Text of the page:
3. Raymond Crawfurd, “Presidential Address: Legends and Lore of the Genesis of the Healing Art”, Proc R Soc Med. 1917, NCBI
4. Bakopoulou C., “The herb of love”, Beauty Guard
5. Mohamad Fawzi Mahomoodally, Luviksha Drushilla Muthoorah, “An ethnopharmacological survey of natural remedies used by the Chinese community in Mauritius”, Asian Pac J Trop Biomed. 2014 May, NCBI
6. Olga Gortzi, Stavros Lalas, Ioanna Chinou, John Tsaknis, “Evaluation of the Antimicrobial and Antioxidant Activities of Origanum dictamnus Extracts before and after Encapsulation in Liposomes” Molecules. 2007 May; 12(5): 932–945. Published online 2007 May 2, Pubmed
7. Charalampos Proestos, Michael Komaitis, “Analysis of Naturally Occurring Phenolic Compounds in Aromatic Plants by RP-HPLC Coupled to Diode Array Detector (DAD) and GC-MS after Silylation”, Foods. 2013 Mar; 2(1): 90–99. Published online 2013 Mar 13. NCBI
8. Gregoria Mitropoulou, Eleni Fitsiou, Elisavet Stavropoulou, Eleni Papavassilopoulou, Manolis Vamvakias, Aglaia Pappa, Antigoni Oreopoulou, Yiannis Kourkoutas, “Composition, antimicrobial, antioxidant, and antiproliferative activity of Origanum dictamnus(dittany) essential oil, Microb Ecol Health Dis. 2015; Published online 2015 May 6. Pubmed
9. Andriana Stavropoulou, Kostas Loulakakis, Naresh Magan, Nikos Tzortzakis, “Origanum dictamnus Oil Vapour Suppresses the Development of Grey Mould in Eggplant Fruit In Vitro”, Biomed Res Int. 2014; 2014: 562679. Published online 2014 Sep 1. NCBI
10. Paula De Vos, “European Materia Medica in Historical Texts: Longevity of a Tradition and Implications for Future Use”, J Ethnopharmacol 2010 Oct 28; Published online 2010 Jun 16. Pubmed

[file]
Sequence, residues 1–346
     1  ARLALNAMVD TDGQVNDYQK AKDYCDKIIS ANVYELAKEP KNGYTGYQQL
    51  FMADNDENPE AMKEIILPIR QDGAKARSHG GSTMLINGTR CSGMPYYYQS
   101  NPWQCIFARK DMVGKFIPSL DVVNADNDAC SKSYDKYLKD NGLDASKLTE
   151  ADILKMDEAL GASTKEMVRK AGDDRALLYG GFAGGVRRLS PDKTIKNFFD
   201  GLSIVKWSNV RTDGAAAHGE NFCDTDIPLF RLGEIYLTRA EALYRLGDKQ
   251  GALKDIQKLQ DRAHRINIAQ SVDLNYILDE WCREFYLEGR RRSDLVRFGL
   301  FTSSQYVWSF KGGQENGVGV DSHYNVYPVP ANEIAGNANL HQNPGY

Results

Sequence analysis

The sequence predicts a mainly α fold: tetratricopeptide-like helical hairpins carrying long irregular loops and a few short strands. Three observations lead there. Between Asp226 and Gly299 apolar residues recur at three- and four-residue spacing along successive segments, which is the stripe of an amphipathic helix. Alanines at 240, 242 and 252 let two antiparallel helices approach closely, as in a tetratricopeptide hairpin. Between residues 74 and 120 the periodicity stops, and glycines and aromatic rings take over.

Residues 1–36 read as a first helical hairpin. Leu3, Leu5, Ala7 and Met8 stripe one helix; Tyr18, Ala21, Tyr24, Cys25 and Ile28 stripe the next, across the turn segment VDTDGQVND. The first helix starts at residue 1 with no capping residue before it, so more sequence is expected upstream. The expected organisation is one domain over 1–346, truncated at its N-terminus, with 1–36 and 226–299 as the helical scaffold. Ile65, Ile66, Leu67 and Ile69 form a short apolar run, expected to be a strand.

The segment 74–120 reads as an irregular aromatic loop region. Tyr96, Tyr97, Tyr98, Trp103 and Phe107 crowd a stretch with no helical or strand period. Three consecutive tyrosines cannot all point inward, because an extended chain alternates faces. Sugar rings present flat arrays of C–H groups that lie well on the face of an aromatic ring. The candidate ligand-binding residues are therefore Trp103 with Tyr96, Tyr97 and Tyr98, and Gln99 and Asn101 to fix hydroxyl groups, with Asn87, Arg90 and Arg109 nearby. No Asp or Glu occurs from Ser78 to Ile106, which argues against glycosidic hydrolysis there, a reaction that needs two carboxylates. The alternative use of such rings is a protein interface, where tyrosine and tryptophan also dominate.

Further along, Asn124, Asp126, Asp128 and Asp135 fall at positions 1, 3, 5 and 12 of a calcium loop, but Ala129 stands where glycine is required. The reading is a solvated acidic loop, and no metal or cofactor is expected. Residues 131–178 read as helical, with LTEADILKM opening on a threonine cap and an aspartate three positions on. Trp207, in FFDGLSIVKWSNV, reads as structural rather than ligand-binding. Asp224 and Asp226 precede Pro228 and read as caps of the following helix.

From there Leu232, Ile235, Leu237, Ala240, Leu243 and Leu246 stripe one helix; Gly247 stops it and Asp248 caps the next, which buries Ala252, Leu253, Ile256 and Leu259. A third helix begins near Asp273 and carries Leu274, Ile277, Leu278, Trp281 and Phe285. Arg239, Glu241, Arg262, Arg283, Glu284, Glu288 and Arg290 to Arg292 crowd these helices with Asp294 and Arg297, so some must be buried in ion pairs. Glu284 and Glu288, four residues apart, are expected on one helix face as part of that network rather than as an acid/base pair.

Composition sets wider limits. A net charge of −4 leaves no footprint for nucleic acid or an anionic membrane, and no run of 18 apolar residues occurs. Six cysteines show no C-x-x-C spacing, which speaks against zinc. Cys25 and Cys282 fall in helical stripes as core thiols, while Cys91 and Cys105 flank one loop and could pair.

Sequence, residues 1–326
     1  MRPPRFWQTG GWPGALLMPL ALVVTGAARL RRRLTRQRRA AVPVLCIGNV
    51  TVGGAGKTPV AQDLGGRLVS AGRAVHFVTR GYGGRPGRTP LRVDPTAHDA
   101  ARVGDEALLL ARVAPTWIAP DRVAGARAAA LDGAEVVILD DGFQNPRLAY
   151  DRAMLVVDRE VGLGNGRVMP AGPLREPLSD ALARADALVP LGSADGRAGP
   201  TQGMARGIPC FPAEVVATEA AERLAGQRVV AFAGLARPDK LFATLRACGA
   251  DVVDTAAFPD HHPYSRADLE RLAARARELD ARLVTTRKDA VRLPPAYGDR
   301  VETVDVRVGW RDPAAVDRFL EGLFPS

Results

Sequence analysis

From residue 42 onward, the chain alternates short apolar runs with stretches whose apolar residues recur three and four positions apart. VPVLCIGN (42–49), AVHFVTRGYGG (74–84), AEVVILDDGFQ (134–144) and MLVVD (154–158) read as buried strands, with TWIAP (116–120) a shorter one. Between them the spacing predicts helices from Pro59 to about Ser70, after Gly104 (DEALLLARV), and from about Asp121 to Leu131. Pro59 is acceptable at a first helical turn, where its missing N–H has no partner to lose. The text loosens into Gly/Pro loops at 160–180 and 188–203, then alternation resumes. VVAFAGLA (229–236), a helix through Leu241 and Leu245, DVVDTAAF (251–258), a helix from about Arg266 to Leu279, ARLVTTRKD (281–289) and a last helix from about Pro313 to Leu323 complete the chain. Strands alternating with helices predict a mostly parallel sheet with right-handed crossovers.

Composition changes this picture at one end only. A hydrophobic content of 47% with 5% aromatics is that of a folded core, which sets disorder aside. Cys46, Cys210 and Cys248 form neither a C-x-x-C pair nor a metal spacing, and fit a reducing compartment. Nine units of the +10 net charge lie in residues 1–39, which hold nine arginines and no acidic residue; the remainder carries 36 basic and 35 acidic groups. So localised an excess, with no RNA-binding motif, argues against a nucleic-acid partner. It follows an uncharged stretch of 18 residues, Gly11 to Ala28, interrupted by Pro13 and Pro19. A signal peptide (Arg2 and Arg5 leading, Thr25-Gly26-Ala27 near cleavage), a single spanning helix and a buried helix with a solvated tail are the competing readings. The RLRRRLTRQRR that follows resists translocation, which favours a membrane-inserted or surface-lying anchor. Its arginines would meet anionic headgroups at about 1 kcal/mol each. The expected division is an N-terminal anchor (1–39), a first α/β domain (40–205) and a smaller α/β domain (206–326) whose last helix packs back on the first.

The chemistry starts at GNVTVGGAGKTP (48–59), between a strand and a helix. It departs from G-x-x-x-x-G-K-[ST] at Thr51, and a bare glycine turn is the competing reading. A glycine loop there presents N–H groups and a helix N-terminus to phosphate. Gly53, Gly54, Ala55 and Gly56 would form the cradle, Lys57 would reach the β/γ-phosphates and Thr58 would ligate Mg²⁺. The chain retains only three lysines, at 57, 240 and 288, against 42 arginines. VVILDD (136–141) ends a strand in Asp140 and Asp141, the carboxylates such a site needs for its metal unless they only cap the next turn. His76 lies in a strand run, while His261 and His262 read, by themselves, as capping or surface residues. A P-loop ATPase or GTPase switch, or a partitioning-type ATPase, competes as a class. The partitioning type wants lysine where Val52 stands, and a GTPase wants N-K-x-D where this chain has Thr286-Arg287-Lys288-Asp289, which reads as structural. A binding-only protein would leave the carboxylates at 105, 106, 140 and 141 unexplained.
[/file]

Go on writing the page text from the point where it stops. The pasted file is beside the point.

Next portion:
11. A Belda, B Zaragozí, I Belda, JE Martínez, E Seva, “Traditional Knowledge of Medicinal Plants in the Serra de Mariola Natural Park, South-Eastern Spain”, Afr J Tradit Complement Altern Med. 2013; 10(2): 299–309. Published online 2012 Dec 31. NCBI
12. Noha E El-Attar, Wael A Awad, “Computational tool for optimizing the essential oils utilization in inhibiting the bacterial growth” Adv Appl Bioinform Chem. 2017; 10: 65–78. Published online 2017 Sep 5. Pubmed
13. Renata Kasper-Pakosz, Marcin Pietras, Łukasz Łuczaj, “Wild and native plants and mushrooms sold in the open-air markets of south-eastern Poland”, J Ethnobiol Ethnomed. 2016; 12: 45. Published online 2016 Oct 7. NCBI
14. Elizabeth A. Mazzio, Karam F. A. Soliman, “In Vitro Screening for the Tumoricidal Properties of International Medicinal Herbs”, Phytother Res. Author manuscript; available in PMC 2009 Mar 3. Pubmed
15. Charalampos Proestos, Theo Varzakas, “Aromatic Plants: Antioxidant Capacity and Polyphenol Characterisation”, Foods. 2017 Apr; 6(4): 28. Published online 2017 Apr 4. NCBI
16. Charalampos Proestos, Konstantina Lytoudi, Olga Konstantina Mavromelanidou, Panagiotis Zoumpoulakis, Vassileia J. Sinanoglou, “Antioxidant Capacity of Selected Plant Extracts and Their Essential Oils” Antioxidants (Basel) 2013 Mar; 2(1): 11–22. Published online 2013 Jan 4. Pubmed